I wear my flannel nighty in the winter when it's not,
And sometimes in the springtime, and sometimes in the fall,
I jump into my bed with nothing on at all

Then we sang the old harvest classic,

Cauliflowers fluffy, cabbages green,
Strawberries sweeter than any I've seen,
Beetroots purple and onions ripe
All grow steadily day and night...

And so on. I think you know how the rest of it goes.

The rest of my day was spent making Grace's bowling alley cake. I was quite proud of myself - I made royal icing for the first time ever, and it was not as complicated as I thought it might be. It was the most brilliant shiny pink colour, which makes it even better.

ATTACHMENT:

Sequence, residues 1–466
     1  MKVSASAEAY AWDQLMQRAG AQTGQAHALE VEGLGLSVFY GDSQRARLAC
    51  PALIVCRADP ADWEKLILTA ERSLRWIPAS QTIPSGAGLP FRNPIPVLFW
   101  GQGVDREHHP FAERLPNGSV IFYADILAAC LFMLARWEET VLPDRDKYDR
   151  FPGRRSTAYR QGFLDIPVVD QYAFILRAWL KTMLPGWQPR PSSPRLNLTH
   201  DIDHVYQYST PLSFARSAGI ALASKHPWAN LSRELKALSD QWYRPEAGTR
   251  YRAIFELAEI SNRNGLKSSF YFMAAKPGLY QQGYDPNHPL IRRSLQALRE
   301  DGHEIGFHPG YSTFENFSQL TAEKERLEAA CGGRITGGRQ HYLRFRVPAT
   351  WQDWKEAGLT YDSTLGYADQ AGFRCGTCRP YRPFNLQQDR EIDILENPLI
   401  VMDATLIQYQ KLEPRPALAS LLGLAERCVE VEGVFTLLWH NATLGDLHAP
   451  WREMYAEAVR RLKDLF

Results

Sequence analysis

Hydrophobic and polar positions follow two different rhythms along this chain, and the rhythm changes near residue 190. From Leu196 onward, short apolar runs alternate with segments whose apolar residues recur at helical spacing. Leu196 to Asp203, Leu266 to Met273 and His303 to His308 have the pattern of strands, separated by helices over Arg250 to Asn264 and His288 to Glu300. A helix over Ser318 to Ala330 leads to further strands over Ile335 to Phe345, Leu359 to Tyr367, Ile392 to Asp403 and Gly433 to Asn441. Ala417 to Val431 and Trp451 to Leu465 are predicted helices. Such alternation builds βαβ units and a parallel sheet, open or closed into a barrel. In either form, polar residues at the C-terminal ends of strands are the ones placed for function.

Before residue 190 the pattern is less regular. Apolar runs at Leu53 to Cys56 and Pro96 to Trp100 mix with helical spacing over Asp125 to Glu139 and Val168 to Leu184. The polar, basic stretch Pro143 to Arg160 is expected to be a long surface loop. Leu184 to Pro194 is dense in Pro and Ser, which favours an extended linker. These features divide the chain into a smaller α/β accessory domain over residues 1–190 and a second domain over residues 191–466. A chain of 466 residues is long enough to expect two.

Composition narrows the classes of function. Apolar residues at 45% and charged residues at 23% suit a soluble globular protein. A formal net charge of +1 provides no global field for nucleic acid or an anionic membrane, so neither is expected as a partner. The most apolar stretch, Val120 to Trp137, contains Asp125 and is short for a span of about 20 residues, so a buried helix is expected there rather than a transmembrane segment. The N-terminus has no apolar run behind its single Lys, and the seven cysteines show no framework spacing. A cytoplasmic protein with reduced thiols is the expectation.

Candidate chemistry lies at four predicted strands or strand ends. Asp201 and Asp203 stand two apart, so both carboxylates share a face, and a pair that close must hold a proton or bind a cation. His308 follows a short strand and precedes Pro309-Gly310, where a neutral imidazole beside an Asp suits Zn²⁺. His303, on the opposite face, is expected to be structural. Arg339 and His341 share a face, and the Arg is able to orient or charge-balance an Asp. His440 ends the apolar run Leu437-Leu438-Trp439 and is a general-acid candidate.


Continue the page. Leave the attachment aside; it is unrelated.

On our way home we often inform one another of stories in the news, like about the Hadron particle accelerator, men in jetpacks, and yesterday, a hill that turned into a mountain when you walk down it. or something. Hence the title of this post - Grace said she thought that hills that turn into mountains should be called hountains, or maybe hilltains. Personally I prefer hountains. What do you think?

I had an interview this morning which required me to choose a book to read to a group of year 1 children. So at small group on Tuesday as an ice breaker I asked everyone what their favourite children's book is and why. There were some good old classics in the list, like winnie the pooh, dogger, elmer the elephant, thomas the tank engine, the hungry caterpillar and the lion the witch and the wardrobe. I have trouble thinking of a favourite, but I have a few memories that spring to mind when thinking about children's books.